Brain Tumour Research published a report in 2018 which looked at the financial impact of a brain tumour diagnosis. We found that for some people the diagnosis of a brain tumour “was not really the worst thing” – it was the loss of independence through losing their driving licence possibly resulting in the inability to work and then the financial consequences. Currently those unable to work because of their neurological condition are seeing real term cuts to their income, as benefits are expected to fall at least 6% behind inflation this year. 

Recommendations in the letter include increasing levels of Disability Cost of Living Payments and extending the Warm Homes Discount to ensure those living with neurological conditions do not face fuel poverty. It urges the Chancellor “to provide additional support for the one in six of us living with a neurological condition as part of the Fiscal Plan”.

The annual Scottish Cancer Network Stakeholder event took place in Dunblane this week.

The conference, which we attended, focused on the role of cancer networks, how to improve access and recruitment to clinical trials, and the future direction of cancer services in Scotland.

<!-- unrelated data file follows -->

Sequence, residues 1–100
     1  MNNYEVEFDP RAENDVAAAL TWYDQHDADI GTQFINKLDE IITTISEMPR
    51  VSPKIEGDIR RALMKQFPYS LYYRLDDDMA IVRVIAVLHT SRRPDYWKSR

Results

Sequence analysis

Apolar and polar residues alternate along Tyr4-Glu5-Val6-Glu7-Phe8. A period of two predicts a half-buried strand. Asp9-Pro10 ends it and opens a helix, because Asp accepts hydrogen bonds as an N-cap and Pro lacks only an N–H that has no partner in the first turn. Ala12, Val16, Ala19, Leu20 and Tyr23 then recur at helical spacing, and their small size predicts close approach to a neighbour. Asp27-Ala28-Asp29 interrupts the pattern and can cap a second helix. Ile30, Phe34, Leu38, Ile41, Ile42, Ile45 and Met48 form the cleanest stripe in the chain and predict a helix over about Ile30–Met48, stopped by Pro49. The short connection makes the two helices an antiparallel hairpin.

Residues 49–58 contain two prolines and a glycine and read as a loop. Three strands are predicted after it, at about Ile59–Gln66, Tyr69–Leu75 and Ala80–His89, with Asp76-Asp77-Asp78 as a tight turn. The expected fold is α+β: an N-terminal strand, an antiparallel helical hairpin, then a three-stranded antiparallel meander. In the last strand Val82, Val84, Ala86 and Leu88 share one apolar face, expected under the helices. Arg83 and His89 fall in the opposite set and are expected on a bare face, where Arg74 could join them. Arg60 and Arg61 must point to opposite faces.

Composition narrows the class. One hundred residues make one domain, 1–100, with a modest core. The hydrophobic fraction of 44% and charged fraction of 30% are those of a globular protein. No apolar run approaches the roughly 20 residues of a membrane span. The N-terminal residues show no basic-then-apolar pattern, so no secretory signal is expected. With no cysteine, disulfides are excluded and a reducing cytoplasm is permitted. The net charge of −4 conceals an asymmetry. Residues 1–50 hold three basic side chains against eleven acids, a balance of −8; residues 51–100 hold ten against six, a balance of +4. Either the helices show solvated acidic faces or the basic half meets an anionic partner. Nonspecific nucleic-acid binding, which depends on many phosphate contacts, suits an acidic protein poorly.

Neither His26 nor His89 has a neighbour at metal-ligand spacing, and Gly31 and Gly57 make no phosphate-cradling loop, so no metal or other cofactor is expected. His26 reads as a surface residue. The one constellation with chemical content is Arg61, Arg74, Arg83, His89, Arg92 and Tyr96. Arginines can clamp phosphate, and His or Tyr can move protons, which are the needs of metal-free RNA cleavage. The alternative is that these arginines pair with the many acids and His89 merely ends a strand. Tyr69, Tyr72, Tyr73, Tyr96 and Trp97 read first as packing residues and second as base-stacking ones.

In the opening address, Cabinet Secretary for Health and Social Care Humza Yousaf MSP pledged to make Scotland “one of the best in the world” when it comes to cancer care and treatment.

One meeting we attended was a productive discussion on improving clinical trials access, led by National Clinical Director Dermot Murphy, and this resulted in many good ideas which will all be relayed to Scottish elected representatives. These ideas included ensuring there is buy-in of all the Multi-Disciplinary Teams for clinical trials and to ensure that a trial culture is fostered.

This discussion was timely as a recently released report by the Association of the British Pharmaceutical Industry (ABPI) has shed light on the current climate of UK industry clinical trials. The report,  Rescuing Patient Access to Industry Clinical Trials in the UKshows that not only did the number of industry clinical trials initiated in the UK fall by 41% between 2017 and 2021, but the number of Phase III industry trials (medicines closest to market) also fell by 48% in the same timeframe.

In 2021/22, the total number of patients with access to industry clinical trials on the National Institute for Health and Care Research Clinical Research Network (NIHR CRN) was 28,193. This was significantly down from 50,112 in 2017/18.

Those affected by rare diseases, such as brain tumour patients, have limited treatment options in routine care and, as such, are disproportionately affected by reduced accessibility to treatments through clinical research. The five-year survival rate for brain tumour patients is only 12.5%, the poorest of all cancers except pancreatic, and so the need for new treatment options is very clear.